But it’s not as good as what we should have. The system most likely to produce a qualified, independent judiciary that stood as a full, coequal branch would be one like the federal system — the executive nominates, and the legislative provides advice and consent. That way, a judge is not the creature of any particular part of the political branches.

As to when we might get something like that, The Nerve is also accurate when it says we shouldn’t hold our breaths waiting for the Legislature to make the change willingly.

5 thoughts on “SC judicial selection remains far from what it should be

  1. Brad

    Let me add a big caveat to what I say about McConnell’s reforms having made the process better than it was…

    I have no doubt that the process did a better job in the first years after it was enacted. Those were also years when I had people — or to put it in stark terms, I had Cindi Scoppe — watching this like a hawk.

    It’s been awhile (as in, since well before I was laid off by The State) since Cindi, or I, or anyone with whom I am affiliated has had time to give the system the kind of routine, ongoing scrutiny that would enable me to say with confidence that it has continued to be better than it was.

    There are rumblings I hear about that the panel has become more cronified (just to make up a word) in recent years, with such members as Jake Knotts, and (until recently) Robert Ford, and Bobby Harrell’s brother. (Here’s the full current membership of the commission.) And I just haven’t been in a position to assess realistically what effect that has had. I think it’s fairly safe to say it hasn’t IMPROVED the situation…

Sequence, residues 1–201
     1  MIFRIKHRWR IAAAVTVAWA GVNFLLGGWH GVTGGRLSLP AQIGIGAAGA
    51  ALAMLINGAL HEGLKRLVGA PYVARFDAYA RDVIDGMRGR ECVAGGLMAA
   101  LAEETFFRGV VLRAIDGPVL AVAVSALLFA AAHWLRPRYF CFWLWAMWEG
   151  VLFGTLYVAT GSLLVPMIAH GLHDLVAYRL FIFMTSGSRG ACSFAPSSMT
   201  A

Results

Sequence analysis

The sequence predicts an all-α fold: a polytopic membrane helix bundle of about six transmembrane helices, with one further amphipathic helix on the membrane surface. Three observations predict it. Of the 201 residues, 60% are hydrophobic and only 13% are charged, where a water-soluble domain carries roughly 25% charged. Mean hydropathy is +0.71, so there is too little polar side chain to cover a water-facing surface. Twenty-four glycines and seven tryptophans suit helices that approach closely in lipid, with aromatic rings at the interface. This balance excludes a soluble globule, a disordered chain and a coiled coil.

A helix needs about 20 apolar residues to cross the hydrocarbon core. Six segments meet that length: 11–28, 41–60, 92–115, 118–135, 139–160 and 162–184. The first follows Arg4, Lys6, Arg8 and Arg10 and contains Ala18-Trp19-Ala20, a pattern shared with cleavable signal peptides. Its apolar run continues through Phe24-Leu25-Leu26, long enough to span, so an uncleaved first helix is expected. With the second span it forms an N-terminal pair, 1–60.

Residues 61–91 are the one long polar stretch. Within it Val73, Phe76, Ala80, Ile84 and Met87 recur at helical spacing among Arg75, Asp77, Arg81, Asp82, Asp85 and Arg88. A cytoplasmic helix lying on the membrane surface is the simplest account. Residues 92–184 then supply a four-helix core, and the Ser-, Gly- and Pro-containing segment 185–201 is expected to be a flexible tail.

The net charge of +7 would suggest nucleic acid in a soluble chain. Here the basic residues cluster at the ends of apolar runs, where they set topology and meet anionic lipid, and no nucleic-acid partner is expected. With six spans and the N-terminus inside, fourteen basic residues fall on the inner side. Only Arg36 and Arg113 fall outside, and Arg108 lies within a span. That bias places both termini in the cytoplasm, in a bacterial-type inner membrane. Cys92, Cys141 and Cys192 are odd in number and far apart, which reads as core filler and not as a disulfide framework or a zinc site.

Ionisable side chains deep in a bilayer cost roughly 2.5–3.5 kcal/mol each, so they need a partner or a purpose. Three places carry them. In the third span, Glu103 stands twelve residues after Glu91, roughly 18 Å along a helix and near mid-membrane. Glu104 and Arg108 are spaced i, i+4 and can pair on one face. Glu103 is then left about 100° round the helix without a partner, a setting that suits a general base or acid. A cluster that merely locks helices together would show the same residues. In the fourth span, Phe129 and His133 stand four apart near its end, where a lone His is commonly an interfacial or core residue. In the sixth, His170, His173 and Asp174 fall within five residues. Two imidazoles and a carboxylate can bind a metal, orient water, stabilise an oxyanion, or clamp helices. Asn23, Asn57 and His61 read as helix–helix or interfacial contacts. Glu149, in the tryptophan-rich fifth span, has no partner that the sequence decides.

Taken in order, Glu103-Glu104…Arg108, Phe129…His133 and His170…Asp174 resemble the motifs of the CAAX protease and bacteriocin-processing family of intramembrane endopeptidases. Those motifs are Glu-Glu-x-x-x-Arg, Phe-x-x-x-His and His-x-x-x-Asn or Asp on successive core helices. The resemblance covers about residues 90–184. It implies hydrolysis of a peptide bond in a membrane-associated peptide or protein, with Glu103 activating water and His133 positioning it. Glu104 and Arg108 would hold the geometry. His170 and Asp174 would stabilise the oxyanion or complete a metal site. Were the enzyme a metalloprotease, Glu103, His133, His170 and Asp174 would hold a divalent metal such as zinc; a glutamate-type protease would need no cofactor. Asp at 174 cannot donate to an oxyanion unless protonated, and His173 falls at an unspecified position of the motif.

2. Bryan D. Caskey

    I think we have a great judiciary. The system we have is about as good as it gets unless we go to life-tenure for Judges.

    Having said that, if you want to improve, go to life-tenure for judges. It eliminates the appearance of impropriety. That’s why we have it for SCOTUS. The only tweak I would add to that is put an age cap in there to compel mandatory retirement around 80 or so.

  3. Brad

    I agree. I find it disturbing for judges to come back up for appointment before politicians who have a judicial record to react to.

    Of course, lifetime appointment means you have to REALLY be sure your initial selection method is everything it should be.

  4. Mark Stewart

    And so what you are saying is that while we have corruptable judges, they are far better than the pool of attorneys from which they have arisen.

    I’ve met good judges and seen bad ones in action, but the worst attorneys, as far as justice goes, seem to be the ones with judicial aspirations – except of course for the crooked ones. It would be good for the state and it’s citizens to remove the veil of secrecy that surrounds the Supreme Court’s misconduct process. There is an area even more in need of a little sunshine.

    I’m starting to sound like Juan with that said.

  5. Kathryn Fenner

    Some judges are really great lawyers; but many not so much. The political wrangling turns off most of the better candidates.